There are novelists—such as John Fowles and Lawrence Durrell—with visions so Gothic that judgments of them are matters less of criticism than of taste. They are fiction's escargots à la Provençale—elegantly delicious, but not for everybody. Robertson Davies fits into this group. The first two parts of his now-completed trilogy (Fifth Business, 1970, and The Manticore, 1972) earned him deserved places on best-seller lists and praise from critics as Canada's greatest living writer of fiction. Yet with all his virtues—a seemingly effortless style, a sometimes breakneck narrative pace, an inside-out knowledge of his backgrounds—his World of Wonders again shows his inordinate fondness for quirky illusions. Actually, his basic tale has a trim, Dickensian simplicity: Paul Dempster, one of the trilogy's main characters, is whisked away as a child from his Ontario home by a depraved magician, grows up in the seedy atmospheres of carnivals and traveling theater groups, and by fortune and pluck becomes Magnus Eisengrim, the world's greatest prestidigitator. Seen thus, Oliver Twist and Paul Dempster are almost contemporaries. However, reading World of Wonders is like watching some escape-proof cage imprison its Houdini, so much is Davies at the mercy of his own complexities. Admirers will gobble up his twists—characters distorted to gargoyle-like proportions, narrative strategies complicated beyond summary. Others will wish for less deliberate stress on what one Davies character calls "a weight of implication," and for more emphasis on the plain stew of good storytelling. (p. 28)
Robert Maurer, in Saturday Review (copyright © 1976 by Saturday Review/World, Inc.; reprinted with permission), April 3, 1976.
The key to ["World of Wonders"], to the entire trilogy ["Fifth Business" and "The Manticore" are the earlier novels], is an almost Newtonian concept of morality—no action is without consequences….
[Essentially] "World of Wonders" is a monologue which seldom wanders or seems long-winded…. Magnus … brings each scene alive as easily as he pulls rabbits out of a hat.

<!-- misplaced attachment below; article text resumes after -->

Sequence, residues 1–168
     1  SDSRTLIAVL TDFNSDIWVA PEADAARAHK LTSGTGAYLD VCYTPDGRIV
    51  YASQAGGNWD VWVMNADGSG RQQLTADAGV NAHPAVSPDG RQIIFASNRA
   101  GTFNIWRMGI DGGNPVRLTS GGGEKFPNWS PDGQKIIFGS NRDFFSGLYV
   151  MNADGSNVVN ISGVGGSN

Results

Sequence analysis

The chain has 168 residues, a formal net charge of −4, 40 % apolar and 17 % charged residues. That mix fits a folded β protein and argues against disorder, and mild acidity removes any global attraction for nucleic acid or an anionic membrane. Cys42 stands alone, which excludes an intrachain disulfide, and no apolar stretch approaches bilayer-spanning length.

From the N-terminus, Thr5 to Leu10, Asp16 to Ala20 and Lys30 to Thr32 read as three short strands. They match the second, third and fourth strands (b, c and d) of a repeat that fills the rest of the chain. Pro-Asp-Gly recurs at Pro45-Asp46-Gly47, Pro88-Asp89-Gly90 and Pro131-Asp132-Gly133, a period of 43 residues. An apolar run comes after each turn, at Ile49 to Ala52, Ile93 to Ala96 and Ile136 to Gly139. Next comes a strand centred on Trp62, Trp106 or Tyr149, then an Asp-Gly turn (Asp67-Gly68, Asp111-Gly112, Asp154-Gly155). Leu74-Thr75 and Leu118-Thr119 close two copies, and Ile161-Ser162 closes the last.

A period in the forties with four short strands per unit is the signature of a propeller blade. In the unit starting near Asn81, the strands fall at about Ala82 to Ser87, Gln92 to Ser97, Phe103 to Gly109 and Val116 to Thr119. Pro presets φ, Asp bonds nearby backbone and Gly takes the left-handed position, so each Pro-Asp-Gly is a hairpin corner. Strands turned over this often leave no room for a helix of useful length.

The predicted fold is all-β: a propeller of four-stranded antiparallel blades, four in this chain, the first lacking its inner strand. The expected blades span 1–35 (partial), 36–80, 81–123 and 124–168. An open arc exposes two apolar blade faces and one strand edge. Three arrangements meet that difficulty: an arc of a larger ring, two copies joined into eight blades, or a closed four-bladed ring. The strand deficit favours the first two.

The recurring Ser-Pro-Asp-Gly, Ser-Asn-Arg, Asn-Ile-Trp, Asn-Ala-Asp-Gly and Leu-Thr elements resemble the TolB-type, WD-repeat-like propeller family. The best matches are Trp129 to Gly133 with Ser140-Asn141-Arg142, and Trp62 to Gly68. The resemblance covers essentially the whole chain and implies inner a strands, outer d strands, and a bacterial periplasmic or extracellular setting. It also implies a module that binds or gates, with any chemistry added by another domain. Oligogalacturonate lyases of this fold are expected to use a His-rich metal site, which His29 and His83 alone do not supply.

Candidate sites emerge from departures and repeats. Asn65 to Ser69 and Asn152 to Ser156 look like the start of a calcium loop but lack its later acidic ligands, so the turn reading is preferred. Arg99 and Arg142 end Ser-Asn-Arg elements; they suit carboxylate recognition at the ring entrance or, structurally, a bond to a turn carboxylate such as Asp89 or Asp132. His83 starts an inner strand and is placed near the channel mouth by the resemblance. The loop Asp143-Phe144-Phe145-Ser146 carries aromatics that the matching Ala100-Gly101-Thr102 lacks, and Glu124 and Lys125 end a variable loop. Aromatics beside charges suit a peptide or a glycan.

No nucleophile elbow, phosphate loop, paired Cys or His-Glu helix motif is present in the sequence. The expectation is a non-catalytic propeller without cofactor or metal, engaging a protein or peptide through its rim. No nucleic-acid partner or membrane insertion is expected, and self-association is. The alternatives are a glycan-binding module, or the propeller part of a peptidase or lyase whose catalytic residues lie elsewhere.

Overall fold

After the awfulness of his Christ-haunted home where he was blamed for his mother's madness, the traveling carnival seems a world of wonders to Magnus, and even as he describes the sleazy deprivations of his childhood, he cannot help but take joy in remembering carny life….
"World of Wonders" is a novel of stunning verbal energy and intelligence, so much so that one begins to notice discrepancies between Magnus's character and his voice. For instance, he brags about his lack of formal education, but frequently hammers home his ideas with academic earnestness: "Romance is a mode of feeling that puts enormous emphasis—but not quite a tragic emphasis—on individual experience. Tragedy puts something above humanity; so does Comedy; Romance puts humanity first."
Yet since one of the novel's themes is the inevitability of artifice, perhaps this is a minor cavil. Far more important is the remarkable range of Robertson Davies's tour de force. Never a mere conjurer, he acts as creator, moving easily from the bawdiest humor to the loftiest abstraction, charging every character and idea with power and fascination.
Michael Mewshaw, "Never Kill a Monkey in a Carnival," in The New York Times Book Review (© 1976 by The New York Times Company; reprinted by permission), April 25, 1976, p. 20.
Davies is not only Canada's finest active novelist but also one of the most gifted and accomplished literary entertainers now writing in English. He tells his apparently outrageous story [World of Wonders] wryly and wisely, by seedily leading his central characters from a Canadian carnival to the London stage, and then to a tumultuous mating with a monstrously ugly Swiss sphinx named Leisl Vitzipützli. The people are brilliant talkers, but when they natter on too long, the highly theatrical author causes a grotesque face to appear at a window, drops someone through a trap door or stages a preposterous recognition scene. A master illusionist himself, Davies well deserves a packed house when—on a bare stage, out of nowhere, in a puff of smoke—he materializes with his next book. (p. K10)
Time (reprinted by permission from Time, The Weekly Newsmagazine; copyright Time Inc.), May 17, 1976.
In the old days novelists told stories, right? And now they write neuresthenic case histories from their psychic files, fragments told their analysts, full of angst, Kraft-Ebbing and the latest trendy malaise, obscured more than revealed in prose so convoluted and cinematic you can hardly find the content for the style. Which explains why masses of readers have given up on the "serious" novel. Well, don't. Somewhere in Ontario there is a true novelist writing imagined stories, wonderful stories full of magic and incandescence, thought and literary art. His name is Robertson Davies, and he has just published World of Wonders, the final volume of the trilogy that began with two boys and a snowball in Fifth Business…, and continued through a Jungian analysis (we are, after all, deep into the 20th century) in The Manticore…. The question in the first novel—"Who killed Boy Staunton?"—is resolved in the third, the story of magician Magnus Eisengrim who was born when the snowball thrown in Fifth Business struck his mother. Boy Staunton threw the ball which started this literary avalanche, a novel of ideas told with the art of the sorcerer. (p. F7)
Book World—The Washington Post (© The Washington Post), May 30, 1976.